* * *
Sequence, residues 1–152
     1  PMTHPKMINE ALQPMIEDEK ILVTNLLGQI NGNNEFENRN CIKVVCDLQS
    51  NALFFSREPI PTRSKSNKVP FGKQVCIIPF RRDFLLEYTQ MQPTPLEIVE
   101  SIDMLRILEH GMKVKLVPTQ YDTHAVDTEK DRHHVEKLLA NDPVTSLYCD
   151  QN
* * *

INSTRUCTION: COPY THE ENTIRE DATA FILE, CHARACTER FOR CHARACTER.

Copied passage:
Sequence, residues 1–152
     1  PMTHPKMINE ALQPMIEDEK ILVTNLLGQI NGNNEFENRN CIKVVCDLQS
    51  NALFFSREPI PTRSKSNKVP FGKQVCIIPF RRDFLLEYTQ MQPTPLEIVE
   101  SIDMLRILEH GMKVKLVPTQ YDTHAVDTEK DRHHVEKLLA NDPVTSLYCD
   151  QN